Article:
Our biggest inspiration for this project was to find a way to express or encapsulate almost “typical” human emotions visually through immersive art. There are so many different ways to express emotions, but our main focus was to work on a high-powered hardware project combining hardware (Arduino) and software (computer vision). We wanted to use high power image processing for this project, so we utilized the machine learning capabilities of the Arduino Portenta H7 as our camera input. While we had something that can see the world literally, we felt the need to re-express the world through a new artistic vision — in this project we chose flashing lights and color. Additionally, we became friends 3 years ago through our love of combining computing and creativity, it was only appropriate to get back to our roots of connection!
What it does
This project utilizes the camera on board the Arduino Portenta H7 to recognize emotion on an individual's face, then process that emotion to display it as a color on an artistic light matrix display controlled separately by an Arduino Uno.
How we built it
First, we found a dataset of thousands of images of faces tagged under 6 emotions: happy, sad, angry, surprised, neutral, and fearful. This dataset was loaded into edge impulse, which allowed us to create a transfer learning based image classifier model to classify an image as belonging to one of these categories. This model was then optimized for the Arduino Portenta H7 + Vision shield and loaded onto the board. A script was then written which would give the most likely class for each of the emotions listed and print the id of that class to the serial console.
After this script was written, we connected the Portenta to a computer which was also connected to an Arduino Uno running a neopixel light matrix. On this computer, we read in serial messages from the Portenta and re-sent them to the Uno, transferring the vision data to the Uno.
Finally, we programmed the Arduino to interpolate between colors based on the emotion data received, stabilizing to a different color for each emotion based on color psychology and the connection between certain colors and their emotional connections.
Challenges we ran into
Our goal was to decrease the training time for our neural networks and datasets provided. The time it took to download the datasets was lengthy, and there was an uneven distribution of images per emotion category. For example, there were only 3,000 images for "sad," whereas "happy" had over 7,000 images. We were concerned about achieving higher accuracy in training our data, as we were only achieving a maximum of 40% accuracy. We searched online for the highest emotional accuracy and found 50%, so we left the model at 40% since, in the time frame given, it didn't seem like we would be able to optimize the model very much, especially with it running on a microcontroller.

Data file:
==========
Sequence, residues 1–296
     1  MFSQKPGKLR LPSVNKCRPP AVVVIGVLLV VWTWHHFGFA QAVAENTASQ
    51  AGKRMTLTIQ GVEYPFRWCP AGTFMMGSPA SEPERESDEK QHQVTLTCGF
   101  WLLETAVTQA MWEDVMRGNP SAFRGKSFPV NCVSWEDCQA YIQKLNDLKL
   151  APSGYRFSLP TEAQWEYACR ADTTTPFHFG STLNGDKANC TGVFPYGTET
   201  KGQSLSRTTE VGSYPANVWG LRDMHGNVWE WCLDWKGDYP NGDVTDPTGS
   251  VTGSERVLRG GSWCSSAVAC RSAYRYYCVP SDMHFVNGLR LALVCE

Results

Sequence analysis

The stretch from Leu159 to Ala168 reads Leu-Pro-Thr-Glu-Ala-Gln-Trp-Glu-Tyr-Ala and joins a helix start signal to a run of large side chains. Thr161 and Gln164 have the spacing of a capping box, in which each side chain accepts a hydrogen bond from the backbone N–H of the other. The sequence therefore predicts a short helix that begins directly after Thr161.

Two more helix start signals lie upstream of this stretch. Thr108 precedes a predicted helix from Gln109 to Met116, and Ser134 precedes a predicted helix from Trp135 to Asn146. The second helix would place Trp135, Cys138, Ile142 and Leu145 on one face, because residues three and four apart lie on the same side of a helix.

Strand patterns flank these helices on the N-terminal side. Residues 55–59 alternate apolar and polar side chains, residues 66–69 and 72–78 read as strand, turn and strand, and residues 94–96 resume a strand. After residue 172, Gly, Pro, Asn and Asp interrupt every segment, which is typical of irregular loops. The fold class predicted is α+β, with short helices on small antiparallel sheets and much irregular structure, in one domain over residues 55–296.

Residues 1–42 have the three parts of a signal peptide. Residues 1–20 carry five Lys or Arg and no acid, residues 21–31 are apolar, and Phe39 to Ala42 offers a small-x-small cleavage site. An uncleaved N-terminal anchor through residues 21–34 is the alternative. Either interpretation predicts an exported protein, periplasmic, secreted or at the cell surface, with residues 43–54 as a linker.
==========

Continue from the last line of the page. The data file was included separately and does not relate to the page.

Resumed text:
Figuring out how to go from the Portenta H7 -> Uno -> Serial -> LED/Neopixel Matrix was also difficult to navigate at first, but eventually it was figured out through trial and error. A major issue we ran into was the Portenta not connecting to the serial port, which was solved by re-flashing the firmware and uploading the code file to the board differently. Another minor issue we had was that we were constrained by time when we used the 3D printer to make our Arduino cover, and we were unable to use power tools to clean it up, which resulted in it not meeting our aesthetic expectations.
Accomplishments that we're proud of
We are proud of figuring out how to incorporate art and computing into a project — a long term goal of ours is being able to combine software and hardware together to make an art piece that is personal to the both of us. Additionally, we are super proud that we were able to successfully use the Portenta H7 for the first time, as it is a new board to both of us.
What we learned
The biggest thing we learned was probably how to use the Arduino Portenta. Before this hackathon, neither of us had ever seen a Portenta. Now, we have learned how to create a machine learning model for the Portenta in edge impulse, connect to OpenMV, interface from the Portenta to a computer, and from the computer to the LED grid. We have also learned a lot about neopixel interfacing with Arduino, facial recognition/detection algorithms, and serial communication.
What's next for Wavelength
We are hoping to expand and classify more emotions in the future — six human emotions is not enough to encapsulate how humans express themselves to one another. Combining different design patterns with more colors onto the LED Pixel Matrix is on the radar as well. Additionally, it is a hope to train our dataset more accurately so it beats more than 40% accuracy, although most emotion detection models have relatively low accuracy (at most 55-60%).
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